All this sounds as if I am being unfairly critical of Coursera: on the contrary, I applaud Coursera for having the courage to try essay-style assessment in the cloud on such a scale. It’s a great challenge, even in traditional modes of higher education.

Let’s not forget that in our current (mostly on campus) educational institutions, assessment is hardly a watertight process. Even in invigilated exams, people cheat, collude, and so on. Not often, but it happens enough for it to be an issue that we can’t dismiss.

In assessments that are not invigilated (essays, reports, take home exams), the person gaining the credits is not always necessarily the sole author of the work. Even so, we currently give credentials in all fields knowing about these uncertainties and mostly we get it about right.

Assessing assessments

Whether on campus or in the cloud, assessment is the most high stakes part of the business of education. The challenge of assessment is to be able to make meaningful judgements about graduates’ current and future capacity to perform within their intended professions.

Authentic assessment is what we aim for: to set tasks which are as similar as possible to the sort of challenges the new graduate will be expected to meet. Perhaps the most authentic assessment we ever undergo is the job interview: a selection panel reads our claim of evidence of achievements, then we get an hour to make our case in the face of random questions.

Perhaps then at least some key assessments during any degree could, first, emulate a job interview and be an oral test which requires the candidate to think on their feet; second, be face to face, so the examiners can see who’s answering the question, and whether they are receiving help from others and third, be on a user pays basis.

Face-to-face in the cloud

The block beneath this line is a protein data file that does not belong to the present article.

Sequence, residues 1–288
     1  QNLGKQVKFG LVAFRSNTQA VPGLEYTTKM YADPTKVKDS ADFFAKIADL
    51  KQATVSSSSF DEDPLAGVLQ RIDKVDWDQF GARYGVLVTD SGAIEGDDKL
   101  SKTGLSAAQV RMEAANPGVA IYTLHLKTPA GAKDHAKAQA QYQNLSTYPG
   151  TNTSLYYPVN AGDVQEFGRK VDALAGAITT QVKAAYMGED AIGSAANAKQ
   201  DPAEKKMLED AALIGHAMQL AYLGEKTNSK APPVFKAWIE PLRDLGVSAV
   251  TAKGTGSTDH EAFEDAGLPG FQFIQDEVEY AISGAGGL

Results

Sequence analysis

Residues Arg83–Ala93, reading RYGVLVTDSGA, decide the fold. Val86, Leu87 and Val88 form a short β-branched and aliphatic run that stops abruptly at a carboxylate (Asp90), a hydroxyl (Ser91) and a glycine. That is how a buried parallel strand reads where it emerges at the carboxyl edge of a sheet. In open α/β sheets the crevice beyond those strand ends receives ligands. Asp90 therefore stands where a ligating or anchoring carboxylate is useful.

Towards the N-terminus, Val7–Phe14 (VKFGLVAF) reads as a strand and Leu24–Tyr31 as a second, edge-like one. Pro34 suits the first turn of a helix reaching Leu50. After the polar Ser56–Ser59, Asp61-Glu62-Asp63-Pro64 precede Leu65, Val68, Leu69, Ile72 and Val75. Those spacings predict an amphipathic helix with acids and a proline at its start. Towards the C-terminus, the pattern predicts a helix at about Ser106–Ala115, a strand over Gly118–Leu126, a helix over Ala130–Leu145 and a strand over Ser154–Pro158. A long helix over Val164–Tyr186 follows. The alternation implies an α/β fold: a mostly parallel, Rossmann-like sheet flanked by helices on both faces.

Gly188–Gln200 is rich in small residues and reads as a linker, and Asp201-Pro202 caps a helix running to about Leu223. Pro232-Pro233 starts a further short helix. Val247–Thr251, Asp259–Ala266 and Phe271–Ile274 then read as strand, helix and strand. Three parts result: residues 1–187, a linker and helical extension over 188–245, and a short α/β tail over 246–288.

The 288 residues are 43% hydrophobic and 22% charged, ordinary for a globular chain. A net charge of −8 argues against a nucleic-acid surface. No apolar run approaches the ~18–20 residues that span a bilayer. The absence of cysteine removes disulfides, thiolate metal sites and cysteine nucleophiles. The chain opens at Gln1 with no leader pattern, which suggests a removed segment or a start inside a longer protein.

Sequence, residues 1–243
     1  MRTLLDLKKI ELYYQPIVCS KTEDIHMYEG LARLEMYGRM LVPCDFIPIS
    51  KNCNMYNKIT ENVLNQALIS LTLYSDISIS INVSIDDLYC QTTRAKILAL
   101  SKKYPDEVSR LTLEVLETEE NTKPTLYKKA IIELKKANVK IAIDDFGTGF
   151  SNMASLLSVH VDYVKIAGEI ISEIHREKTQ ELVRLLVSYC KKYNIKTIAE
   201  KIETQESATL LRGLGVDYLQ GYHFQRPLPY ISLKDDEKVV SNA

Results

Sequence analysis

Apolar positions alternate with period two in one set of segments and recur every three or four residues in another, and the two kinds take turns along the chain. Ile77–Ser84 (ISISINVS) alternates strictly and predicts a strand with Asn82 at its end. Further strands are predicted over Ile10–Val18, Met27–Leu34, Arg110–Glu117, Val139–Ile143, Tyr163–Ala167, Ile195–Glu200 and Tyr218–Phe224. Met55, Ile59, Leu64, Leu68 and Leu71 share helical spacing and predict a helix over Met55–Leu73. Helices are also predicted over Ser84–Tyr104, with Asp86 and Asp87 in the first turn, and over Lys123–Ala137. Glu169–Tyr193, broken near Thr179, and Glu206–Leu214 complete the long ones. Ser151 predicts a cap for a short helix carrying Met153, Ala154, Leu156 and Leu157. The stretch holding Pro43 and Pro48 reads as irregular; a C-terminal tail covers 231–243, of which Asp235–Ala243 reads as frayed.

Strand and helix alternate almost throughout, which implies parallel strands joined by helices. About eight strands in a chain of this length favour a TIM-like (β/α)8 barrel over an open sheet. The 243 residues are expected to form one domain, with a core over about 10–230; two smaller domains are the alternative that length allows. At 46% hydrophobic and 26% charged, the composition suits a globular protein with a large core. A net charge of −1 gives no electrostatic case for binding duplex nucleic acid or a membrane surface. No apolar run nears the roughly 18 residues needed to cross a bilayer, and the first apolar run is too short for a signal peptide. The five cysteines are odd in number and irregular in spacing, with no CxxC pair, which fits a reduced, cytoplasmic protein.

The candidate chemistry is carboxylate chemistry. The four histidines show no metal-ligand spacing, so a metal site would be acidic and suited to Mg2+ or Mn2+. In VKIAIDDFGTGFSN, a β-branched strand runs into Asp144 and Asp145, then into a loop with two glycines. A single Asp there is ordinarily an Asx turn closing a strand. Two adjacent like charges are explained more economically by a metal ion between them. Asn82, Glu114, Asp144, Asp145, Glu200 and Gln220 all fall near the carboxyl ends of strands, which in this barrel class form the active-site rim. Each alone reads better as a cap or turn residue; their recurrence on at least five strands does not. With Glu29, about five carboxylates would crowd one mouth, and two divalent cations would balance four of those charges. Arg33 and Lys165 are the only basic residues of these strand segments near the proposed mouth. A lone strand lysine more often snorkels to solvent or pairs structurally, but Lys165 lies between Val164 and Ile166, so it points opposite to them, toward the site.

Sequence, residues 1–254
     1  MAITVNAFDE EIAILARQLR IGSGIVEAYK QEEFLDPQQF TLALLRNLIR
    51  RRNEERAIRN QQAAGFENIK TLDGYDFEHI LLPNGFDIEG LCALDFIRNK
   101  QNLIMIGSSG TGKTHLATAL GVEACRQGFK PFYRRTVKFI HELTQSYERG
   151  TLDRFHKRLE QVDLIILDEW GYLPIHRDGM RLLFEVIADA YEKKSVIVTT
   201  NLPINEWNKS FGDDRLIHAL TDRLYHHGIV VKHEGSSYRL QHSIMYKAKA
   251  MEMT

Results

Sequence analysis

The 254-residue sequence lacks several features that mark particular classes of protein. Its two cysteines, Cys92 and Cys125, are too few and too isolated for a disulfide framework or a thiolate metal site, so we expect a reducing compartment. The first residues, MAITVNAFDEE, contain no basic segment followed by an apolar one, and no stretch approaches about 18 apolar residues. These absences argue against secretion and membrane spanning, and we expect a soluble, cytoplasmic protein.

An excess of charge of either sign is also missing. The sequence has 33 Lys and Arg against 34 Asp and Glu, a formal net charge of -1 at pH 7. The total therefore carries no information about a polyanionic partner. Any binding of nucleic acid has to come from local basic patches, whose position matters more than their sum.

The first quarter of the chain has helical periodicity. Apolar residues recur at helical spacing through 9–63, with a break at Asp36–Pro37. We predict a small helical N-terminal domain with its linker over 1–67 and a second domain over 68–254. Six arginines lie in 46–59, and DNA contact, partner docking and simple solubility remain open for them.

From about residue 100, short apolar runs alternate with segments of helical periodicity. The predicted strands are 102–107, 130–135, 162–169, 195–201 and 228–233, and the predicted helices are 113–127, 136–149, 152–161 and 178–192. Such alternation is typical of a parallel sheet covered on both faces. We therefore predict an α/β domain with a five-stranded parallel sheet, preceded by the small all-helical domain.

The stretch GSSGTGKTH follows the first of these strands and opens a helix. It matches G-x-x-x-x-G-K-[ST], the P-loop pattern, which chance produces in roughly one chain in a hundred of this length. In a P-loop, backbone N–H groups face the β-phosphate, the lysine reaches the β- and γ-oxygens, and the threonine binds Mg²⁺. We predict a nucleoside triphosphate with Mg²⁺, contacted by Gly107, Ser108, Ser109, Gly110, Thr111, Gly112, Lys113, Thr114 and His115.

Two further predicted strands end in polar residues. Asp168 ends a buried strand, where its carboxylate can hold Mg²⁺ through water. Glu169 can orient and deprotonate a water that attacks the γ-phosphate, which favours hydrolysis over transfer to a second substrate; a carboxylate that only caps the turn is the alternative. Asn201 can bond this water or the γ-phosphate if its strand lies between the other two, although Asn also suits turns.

How does this all relate to the MOOCs? Maybe in the world of free content, assessment is the part that you pay for (already an option at Udacity).

But maybe this assessment should also include face-to-face tests online? FaceTime, Skype and Jabber are all programs that could enable this and verifying your identity in that mode is not insurmountable.

If MOOCs can be done at scale, so can assessment — but it should be a separate process, on a user pays basis and it should include face-to-face assessment where possible.

The (MOOC) genie is out of the bottle. The challenge now is to add new ways of doing better quality face-to-face authentic assessment in the cloud.

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6 Comments sorted by

  1. Gavin Moodie
    Gavin Moodie is a Friend of The Conversation.

    Adjunct professor at RMIT University

    I don't know whether the normal expectations of retention and completion apply to MOOCs, but if they do, MOOCs have dreadfully high rates of attrition. Nelson (2012) calculated a completion rate of only 12% for students of Stanford's on line artificial intelligence subject.

    Nelson, Robert (2012) Comment on Marginson, Simon (2012) Online open education: yes, this is the game changer, the Conversation, 16 August 2012, retrieved 16 August 2012 from

    1. Mark Smithers

      logged in via Twitter

      In reply to Gavin Moodie